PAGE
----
Earlier in October, California Governor Jerry Brown signed a new worker classification law imposing significant penalties on employers who misclassify employees.
Effective date – January 1, 2012
Key provisions –
- It is unlawful to voluntarily and knowingly misclassify an individual as an independent contractor.
- It is unlawful to charge the misclassified employee a fee or make any deductions from his/her compensation that would have otherwise violated the law had the employee not been misclassified. For example, an employer may not charge a misclassified employee for use of the employer’s supplies, tools, and equipment.
- It imposes a civil penalty of between $5,000 and $15,000 for each violation of misclassification. Note that the penalties will increase to between $10,000 and $25,000 per violation if the employer is found to have engaged in a pattern of such violations.
- In addition to penalties assessed, violators will be ordered to display a prominent notice of violation on their website for a period of one year to advise employees and the general public of such violations committed.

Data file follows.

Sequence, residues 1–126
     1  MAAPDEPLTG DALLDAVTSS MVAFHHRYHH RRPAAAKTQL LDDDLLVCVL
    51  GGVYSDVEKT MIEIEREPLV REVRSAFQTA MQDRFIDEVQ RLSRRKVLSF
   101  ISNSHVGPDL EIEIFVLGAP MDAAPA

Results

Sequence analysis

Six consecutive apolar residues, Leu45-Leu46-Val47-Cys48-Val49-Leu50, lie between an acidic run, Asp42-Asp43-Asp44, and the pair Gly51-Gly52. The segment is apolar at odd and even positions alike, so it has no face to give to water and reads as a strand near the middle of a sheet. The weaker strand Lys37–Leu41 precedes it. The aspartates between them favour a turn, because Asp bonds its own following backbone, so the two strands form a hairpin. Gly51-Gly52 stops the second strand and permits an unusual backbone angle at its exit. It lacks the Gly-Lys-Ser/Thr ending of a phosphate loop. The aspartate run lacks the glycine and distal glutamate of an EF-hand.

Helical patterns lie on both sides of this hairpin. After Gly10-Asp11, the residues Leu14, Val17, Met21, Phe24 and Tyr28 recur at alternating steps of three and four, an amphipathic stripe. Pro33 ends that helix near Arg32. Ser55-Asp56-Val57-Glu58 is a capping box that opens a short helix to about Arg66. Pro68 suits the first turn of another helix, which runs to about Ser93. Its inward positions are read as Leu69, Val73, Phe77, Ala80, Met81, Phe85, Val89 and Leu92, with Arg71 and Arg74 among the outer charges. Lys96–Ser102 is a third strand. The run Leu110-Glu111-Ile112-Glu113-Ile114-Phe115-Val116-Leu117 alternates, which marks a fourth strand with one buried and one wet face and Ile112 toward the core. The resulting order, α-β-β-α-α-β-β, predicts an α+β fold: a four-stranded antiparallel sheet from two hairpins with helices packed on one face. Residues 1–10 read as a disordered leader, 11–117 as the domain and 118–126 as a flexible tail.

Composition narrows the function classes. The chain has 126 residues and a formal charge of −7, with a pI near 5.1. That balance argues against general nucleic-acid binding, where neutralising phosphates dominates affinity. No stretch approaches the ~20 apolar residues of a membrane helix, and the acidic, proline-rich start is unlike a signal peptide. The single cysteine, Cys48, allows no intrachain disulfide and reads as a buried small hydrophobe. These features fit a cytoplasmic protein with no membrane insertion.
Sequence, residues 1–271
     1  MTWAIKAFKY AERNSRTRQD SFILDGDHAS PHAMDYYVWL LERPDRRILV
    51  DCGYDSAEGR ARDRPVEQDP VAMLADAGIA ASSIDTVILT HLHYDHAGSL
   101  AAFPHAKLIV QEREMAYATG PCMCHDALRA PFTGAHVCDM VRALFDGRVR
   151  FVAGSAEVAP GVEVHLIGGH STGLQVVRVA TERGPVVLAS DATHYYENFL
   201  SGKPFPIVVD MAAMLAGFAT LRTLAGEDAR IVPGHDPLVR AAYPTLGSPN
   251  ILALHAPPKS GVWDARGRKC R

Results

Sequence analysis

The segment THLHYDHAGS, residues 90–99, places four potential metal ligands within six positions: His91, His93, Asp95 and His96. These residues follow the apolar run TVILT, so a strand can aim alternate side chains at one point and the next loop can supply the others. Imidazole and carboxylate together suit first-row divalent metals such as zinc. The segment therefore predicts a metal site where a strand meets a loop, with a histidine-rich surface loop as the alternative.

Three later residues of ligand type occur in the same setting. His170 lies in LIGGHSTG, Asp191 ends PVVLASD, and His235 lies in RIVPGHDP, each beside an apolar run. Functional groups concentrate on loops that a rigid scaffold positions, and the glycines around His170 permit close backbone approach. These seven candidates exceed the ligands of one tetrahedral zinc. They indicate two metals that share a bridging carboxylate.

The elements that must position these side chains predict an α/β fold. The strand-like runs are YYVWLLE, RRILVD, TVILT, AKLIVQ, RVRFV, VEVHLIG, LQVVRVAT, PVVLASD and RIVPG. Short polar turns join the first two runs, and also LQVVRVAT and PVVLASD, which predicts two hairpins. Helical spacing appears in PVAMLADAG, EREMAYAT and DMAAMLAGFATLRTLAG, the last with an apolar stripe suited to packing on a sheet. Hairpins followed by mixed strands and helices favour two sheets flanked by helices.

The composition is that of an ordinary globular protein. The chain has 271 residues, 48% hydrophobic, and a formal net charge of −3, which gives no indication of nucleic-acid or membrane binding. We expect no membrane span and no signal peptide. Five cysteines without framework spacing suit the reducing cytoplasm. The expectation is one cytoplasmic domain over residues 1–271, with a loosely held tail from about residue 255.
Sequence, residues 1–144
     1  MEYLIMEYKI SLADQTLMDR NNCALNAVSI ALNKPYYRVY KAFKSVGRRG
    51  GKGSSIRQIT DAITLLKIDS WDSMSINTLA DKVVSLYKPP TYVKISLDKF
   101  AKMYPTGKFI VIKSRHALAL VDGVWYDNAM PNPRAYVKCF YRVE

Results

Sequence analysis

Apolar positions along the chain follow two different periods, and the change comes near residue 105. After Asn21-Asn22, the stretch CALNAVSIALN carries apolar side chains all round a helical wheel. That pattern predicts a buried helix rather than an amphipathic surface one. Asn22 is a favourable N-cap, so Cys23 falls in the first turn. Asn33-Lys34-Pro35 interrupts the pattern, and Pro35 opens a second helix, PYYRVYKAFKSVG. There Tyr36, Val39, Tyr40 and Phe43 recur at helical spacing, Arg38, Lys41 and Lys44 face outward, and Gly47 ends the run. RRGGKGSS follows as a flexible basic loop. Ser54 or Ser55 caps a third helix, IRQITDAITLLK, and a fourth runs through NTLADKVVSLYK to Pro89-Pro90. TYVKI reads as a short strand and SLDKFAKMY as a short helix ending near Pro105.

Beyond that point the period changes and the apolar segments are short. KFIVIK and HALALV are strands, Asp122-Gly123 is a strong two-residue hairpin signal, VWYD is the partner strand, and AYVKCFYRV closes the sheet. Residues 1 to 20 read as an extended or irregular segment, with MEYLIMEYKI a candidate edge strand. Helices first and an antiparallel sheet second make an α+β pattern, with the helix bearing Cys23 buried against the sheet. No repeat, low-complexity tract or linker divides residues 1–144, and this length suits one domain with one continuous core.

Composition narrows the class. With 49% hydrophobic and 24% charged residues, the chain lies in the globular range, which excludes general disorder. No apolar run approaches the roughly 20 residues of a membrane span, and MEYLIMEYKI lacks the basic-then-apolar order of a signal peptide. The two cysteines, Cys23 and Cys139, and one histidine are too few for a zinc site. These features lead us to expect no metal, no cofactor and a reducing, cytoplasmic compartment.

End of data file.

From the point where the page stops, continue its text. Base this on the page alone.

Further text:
- It further provides for joint and several liabilities for any person, other than an attorney or an employee, who knowingly advises an employer to misclassify an employee.
- The bill authorizes the Labor and Workforce Development Agency and the Labor Commissioner to issue a determination and assess permitted penalties against violating employers.
- The bill also authorizes individuals to file a complaint with the Labor Commissioner to request a determination on possible worker classification violations concerning the individual filing the complaint.
- Obtain an understanding of the rules for worker classification.
- Review past decisions regarding independent contractor status.
- Develop a corporate policy on engagement and management of independent contractors.
- Establish and execute a written independent contractor agreement for each contractor.
- If independent contractor status is in question, obtain a written legal opinion from counsel.
If you have any questions regarding the new law or the recommendations discussed above, please do not hesitate to contact us.